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NEWS

Towards improved protection of fair trial rights in the Western Balkans

editor - February 4, 2015

Fair Trials has today published a communiqué following a roundtable experts meeting on fair trial rights in the Western Balkans, convened in Podgorica on 29th October 2014 with the support of the British Embassies in Podgorica, Pristina and Belgrade, Open Society Foundations and the Oak Foundation.  The meeting provided the opportunity for representatives from civil society organisations and bar associations from Albania, Kosovo, Macedonia, Montenegro and Serbia to discuss the state of fair trial rights protection within the region and possible avenues for future collaboration, with a particular focus on the EU accession process as a driver for criminal justice reform.

The fruitful discussions identified a number of common themes, with patterns of fair trial rights violations, particularly at the police station, common across all represented countries. Participants, for example, reported:

  • insufficient notification of suspects’ rights which frequently leads to uninformed waivers of key rights like the right to a lawyer and the right to silence;
  • the lack of independence of defence lawyers attending suspects in the police station post arrest;
  • serious and pervasive violations of the presumption of innocence; and
  • lengthy pre-trial detention was also highlighted as widespread and a priority issue for many of the represented organisations.

Western_Balkans_countriesWhile recent reforms of criminal justice codes in the region have focused on increasing the efficiency of the justice system, the rights of the individual defendant were not equally considered. Such reforms have focussed on the introduction of adversarial features into previously inquisitorial systems, an intervention that participants reported had not always functioned to reduce case processing times as various actors in the criminal justice system, including defence lawyers and prosecutors, had not been adequately trained to implement such systemic changes

The participants hope that both EU and ECHR standards will eventually have a positive impact and reduce fair trial rights violations. It was noted particularly that the new EU defence rights directives could serve as guideline for reform as they codify and thereby clarify the varied, multi-lingual and constantly fluctuating case law from the European Court of Human Rights which has been poorly applied by judges across the region.

The EU accession process is recognised by all participants as a unique opportunity to encourage robust and systemic reforms of the respective criminal justice systems, but the process inspires mixed reactions among the public and political elites in the different represented countries, relating mostly to the stage in the process which has been reached. Serbia, for example, is forging ahead, with civil society mobilised to engage fully in the process, whereas in Kosovo, the focus is far more on accession to the Council of Europe with the EU process a secondary goal at present. Fair Trials and the participants explored a number of avenues for future collaboration, including the facilitation of networking opportunities for criminal justice experts in the Western Balkans with their counterparts in the EU, and particularly recently acceded EU countries, through the LEAP network. Further, participants note that Fair Trials and LEAP could provide an important bridge between civil society in Western Balkan countries, EU institutions and domestic governments with a role to play in the EU accession process.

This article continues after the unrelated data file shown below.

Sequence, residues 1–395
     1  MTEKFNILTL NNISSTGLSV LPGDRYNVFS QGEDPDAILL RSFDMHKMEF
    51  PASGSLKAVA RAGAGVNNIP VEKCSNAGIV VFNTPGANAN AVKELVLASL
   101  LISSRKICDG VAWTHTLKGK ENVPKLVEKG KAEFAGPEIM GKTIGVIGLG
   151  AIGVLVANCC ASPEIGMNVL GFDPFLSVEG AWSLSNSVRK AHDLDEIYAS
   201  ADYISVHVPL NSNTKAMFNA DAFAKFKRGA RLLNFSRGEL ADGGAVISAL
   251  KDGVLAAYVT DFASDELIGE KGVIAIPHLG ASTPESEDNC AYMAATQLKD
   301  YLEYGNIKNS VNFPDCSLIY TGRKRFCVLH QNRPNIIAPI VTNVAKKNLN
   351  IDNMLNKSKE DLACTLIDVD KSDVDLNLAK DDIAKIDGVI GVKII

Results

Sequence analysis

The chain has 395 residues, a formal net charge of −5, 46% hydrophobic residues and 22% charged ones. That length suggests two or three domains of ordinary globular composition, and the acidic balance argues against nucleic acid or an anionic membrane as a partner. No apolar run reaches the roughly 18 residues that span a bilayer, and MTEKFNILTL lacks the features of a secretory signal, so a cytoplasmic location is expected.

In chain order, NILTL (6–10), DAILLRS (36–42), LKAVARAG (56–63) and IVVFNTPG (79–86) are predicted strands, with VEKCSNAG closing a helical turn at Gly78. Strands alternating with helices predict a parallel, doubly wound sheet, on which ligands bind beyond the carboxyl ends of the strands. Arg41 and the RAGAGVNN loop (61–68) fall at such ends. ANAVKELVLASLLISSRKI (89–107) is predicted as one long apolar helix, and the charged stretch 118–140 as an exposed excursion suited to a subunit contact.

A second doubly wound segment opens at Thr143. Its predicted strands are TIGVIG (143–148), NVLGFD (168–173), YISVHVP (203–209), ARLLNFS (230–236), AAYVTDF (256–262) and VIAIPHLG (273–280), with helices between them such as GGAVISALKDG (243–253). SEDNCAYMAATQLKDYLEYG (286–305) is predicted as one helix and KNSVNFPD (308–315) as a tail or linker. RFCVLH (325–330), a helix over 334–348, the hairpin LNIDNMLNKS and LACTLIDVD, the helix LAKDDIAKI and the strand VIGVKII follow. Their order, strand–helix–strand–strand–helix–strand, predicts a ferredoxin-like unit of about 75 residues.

Since the meeting in October 2014, Fair Trials has continued to work with its new partners in the Western Balkans. Late last year Law Reform Officer Rebecca Shaeffer spoke at an event in the region on Fair Trials’ work to improve defence rights protection within the EU, and just last week, Head of Law Reform Libby McVeigh spoke to a conference of Serbian judges and policy-makers, hosted by the Belgrade Centre for Human Rights, on the importance of lawful pre-trial detention decision-making as a mechanism for reducing overcrowded-ness in detention facilities. We look forward to welcoming representatives from the roundtable meeting at the Annual Conference of the LEAP network in Amsterdam on 6-7 February and that such ongoing collaboration will inform further action to improve fair trial rights protection within the Western Balkans.

You can download the communiqué here.

If you are a journalist interested in this story, please telephone Fair Trials’ press department on 020 7822 2370 or 07950 849 851. For regular updates follow Fair Trials on Twitter or sign up to our monthly bulletin at the bottom of the page.

If you are a journalist interested in this story, please telephone Fair Trials’ press department on +44 (0) 20 7822 2370 or +32 (0) 2 360 04 71.

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